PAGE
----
||First edition of the multi-part annual published as an organ for Jewish national revival by R. Saul Phinehas ben Samuel Mordecai Rabbinowitz (Shepher). The title page describes the work as including essays by the sages of Israel in all aspects of Torah and wisdom; inquiries into history and reviews of books; and practical matters relating to life, with illustrations and portraits pertaining to Jewish life. It states that Keneset Yisrael is in two parts, the first literary (ha-sifruti), the second practical (ha-shemushi). The second part is divided into two parts, so that there are three title pages. The contents are varied, written by different authors, on historical and contemporary subjects. The text, as noted on the title page, is accompanied by numerous illustrations and photographs.
R. Saul Phinehas ben Samuel Mordecai Rabbinowitz (Shepher, 1845–1910), East European Hebrew writer and historian. Rabbinowitz, who was born in Tavrogi, Lithuania, to a family of rabbis, received semikhah from Israel Salanter (Lipkin), while also becoming interested in Haskalah and teaching himself German and Russian. Rabbinowitz first worked as a private tutor in Vilna and other Lithuanian towns before settling in Warsaw in 1875 where he wrote for the Hebrew press. During this period he inclined toward socialist cosmopolitanism, which brought him into contact with A. S. Liebermann's circle of Jewish Socialists. In 1881 Rabbinowitz was among those who reported on the Russian pogroms to Western Jewry. He accompanied S. Mohilever to Brody, where they organized help for the refugees; he also took part in the St. Petersburg Conference of Notables (1882), calling for mass emigration from Russia. At first, Rabbinowitz advocated emigration to the U.S. but he soon joined Hovevei Zion, became secretary of the important Warsaw branch, and attended the Kattowitz Conference (1884). During 1886–88 he published this annual Keneset Yisrael, and Hibbat Zion, and published documents on the history of Russian-Polish Jewry in a supplement (Orot me-Ofel). In 1890 he was among the founders of the Warsaw office of Ahad Ha-Am's order Benei Moshe and tried to defend the interests of religious tradition within its ranks. In 1891 he joined an abortive Hovevei Zion mission to the West. A member of the Zionist movement, Rabbinowitz attended the first Zionist Congresses, although he criticized aspects of the movement in Al Ziyyon ve-al Mikra'eha (1898).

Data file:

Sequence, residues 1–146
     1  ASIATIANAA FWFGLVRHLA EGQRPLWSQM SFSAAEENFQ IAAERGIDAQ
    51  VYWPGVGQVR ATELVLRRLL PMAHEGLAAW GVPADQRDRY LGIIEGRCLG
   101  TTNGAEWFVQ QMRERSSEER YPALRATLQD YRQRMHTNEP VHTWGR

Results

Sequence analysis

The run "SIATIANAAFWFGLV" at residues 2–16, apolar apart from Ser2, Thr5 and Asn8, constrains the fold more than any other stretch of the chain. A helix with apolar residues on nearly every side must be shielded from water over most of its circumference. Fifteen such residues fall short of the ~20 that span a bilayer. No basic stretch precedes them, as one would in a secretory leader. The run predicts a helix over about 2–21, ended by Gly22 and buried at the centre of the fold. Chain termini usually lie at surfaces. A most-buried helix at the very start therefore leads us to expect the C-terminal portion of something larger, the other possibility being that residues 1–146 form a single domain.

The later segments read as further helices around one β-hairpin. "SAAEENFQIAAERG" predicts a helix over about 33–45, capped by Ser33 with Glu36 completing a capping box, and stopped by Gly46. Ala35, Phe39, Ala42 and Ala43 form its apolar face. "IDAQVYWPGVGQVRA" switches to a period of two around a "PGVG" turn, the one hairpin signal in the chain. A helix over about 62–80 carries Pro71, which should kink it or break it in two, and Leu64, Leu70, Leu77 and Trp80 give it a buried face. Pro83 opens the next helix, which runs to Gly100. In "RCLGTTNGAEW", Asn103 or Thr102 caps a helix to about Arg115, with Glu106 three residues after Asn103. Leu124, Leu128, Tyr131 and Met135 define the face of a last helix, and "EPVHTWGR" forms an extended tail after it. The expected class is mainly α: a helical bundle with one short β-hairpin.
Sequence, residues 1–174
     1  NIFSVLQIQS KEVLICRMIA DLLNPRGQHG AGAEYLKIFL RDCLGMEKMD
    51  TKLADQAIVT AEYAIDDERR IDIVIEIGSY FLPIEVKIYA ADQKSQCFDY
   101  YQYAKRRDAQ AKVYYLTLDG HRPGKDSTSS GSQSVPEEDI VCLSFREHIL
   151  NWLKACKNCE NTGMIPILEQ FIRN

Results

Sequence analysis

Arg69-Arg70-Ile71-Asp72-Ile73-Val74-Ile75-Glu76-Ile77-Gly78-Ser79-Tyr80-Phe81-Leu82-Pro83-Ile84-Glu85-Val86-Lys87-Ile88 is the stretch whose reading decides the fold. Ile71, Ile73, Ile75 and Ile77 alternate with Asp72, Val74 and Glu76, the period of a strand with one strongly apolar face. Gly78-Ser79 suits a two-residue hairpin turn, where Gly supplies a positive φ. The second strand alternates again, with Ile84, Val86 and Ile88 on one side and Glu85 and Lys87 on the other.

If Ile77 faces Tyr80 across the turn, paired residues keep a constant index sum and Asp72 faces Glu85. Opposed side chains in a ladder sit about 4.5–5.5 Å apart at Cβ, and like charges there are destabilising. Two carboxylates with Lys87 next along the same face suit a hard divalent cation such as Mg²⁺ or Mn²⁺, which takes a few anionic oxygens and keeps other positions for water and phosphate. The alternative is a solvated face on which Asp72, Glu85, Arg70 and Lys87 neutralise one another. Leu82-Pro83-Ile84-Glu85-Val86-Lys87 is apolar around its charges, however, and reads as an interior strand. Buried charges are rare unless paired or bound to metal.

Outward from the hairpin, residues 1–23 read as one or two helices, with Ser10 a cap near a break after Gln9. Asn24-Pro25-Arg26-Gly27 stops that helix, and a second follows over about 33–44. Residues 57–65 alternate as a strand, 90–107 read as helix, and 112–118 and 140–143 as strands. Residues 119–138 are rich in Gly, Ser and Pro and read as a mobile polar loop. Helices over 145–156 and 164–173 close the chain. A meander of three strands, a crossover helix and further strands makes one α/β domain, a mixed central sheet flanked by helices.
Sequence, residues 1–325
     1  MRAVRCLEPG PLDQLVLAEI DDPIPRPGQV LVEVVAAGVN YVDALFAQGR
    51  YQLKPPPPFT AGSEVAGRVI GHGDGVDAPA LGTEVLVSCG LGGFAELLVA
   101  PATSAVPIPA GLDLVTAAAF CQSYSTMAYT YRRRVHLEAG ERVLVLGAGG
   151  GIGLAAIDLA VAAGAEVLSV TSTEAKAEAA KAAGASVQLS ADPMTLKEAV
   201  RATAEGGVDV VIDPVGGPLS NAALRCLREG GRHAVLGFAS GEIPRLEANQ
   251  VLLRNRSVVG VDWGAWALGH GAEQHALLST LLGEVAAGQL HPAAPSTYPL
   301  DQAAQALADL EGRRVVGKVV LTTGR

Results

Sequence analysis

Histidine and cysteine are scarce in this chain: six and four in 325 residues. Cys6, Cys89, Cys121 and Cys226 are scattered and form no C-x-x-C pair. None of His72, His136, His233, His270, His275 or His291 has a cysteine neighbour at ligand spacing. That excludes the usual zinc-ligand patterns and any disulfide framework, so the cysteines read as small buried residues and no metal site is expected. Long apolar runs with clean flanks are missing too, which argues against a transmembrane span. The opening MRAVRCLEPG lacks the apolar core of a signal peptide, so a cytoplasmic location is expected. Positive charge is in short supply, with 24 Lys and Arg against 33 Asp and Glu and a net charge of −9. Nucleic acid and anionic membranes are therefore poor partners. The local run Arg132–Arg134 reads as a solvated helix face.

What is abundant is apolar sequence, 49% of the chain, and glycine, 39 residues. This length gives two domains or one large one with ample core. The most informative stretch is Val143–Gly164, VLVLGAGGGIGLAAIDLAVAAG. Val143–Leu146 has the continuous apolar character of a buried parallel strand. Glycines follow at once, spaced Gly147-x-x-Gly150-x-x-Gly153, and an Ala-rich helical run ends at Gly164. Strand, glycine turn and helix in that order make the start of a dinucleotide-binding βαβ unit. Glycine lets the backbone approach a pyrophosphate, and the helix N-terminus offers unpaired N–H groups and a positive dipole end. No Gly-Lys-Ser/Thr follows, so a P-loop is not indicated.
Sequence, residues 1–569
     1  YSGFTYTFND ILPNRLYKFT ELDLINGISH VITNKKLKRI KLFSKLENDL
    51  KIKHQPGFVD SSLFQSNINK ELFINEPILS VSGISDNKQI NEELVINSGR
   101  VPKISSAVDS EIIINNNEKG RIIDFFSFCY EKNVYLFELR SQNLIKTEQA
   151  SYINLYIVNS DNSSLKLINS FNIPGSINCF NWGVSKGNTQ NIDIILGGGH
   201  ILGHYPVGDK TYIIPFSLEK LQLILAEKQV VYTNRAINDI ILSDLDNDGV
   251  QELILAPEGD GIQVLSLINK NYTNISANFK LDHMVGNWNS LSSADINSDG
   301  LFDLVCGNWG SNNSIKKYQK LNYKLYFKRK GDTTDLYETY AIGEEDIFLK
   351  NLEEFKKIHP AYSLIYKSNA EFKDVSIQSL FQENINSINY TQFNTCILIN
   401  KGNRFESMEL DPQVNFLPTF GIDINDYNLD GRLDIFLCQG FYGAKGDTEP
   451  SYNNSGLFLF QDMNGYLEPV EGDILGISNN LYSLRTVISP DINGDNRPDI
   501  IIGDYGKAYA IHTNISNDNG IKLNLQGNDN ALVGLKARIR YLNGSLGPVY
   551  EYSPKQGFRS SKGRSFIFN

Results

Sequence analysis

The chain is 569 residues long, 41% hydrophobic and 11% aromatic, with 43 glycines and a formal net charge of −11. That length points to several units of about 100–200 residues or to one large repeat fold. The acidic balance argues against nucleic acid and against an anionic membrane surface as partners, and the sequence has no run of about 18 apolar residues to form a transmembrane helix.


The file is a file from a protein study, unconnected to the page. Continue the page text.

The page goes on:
Rabbinowitz's great scholarly achievement was his Hebrew translation of H. Graetz's History of the Jews (1890–99), in which the author had given him a free hand. Rabbinowitz introduced many changes in the text, also omitting passages that might offend the Orthodox and the Russian censors. The translation includes his own notes and those of A. Harkavy and other scholars. Rabbinowitz's work, which was in fact a new "Graetz," had a tremendous impact on Eastern Jewry, despite its melizah style, and was reprinted in many editions. Other writings by Rabbinowitz include biographies of L. Zunz (1896), Z. Frankel (1898), and Joseph (Joselman) of Rosheim (1902), and a study on the Jews expelled from Spain, published on the 400th anniversary of the Expulsion (Moze'ei Golah, 1894). He contributed articles to the newly founded (1896) Hebrew periodical Ha-Shilo'ah, participated in the early Eshkol Hebrew encyclopedia (1888), and completed S. J. Fuenn's Hebrew dictionary Ha-Ozar (1900–03).
Beset by poverty and family misfortunes, and having suffered great hardship during and after the 1905 revolution, Rabbinowitz left Russia for Frankfort where, however, he found little recognition and had to live on charity. His proposed three-volume modern Jewish history did not advance beyond the publication of a few chapters. His biography was written by his son-in-law, the historian J. Meisl.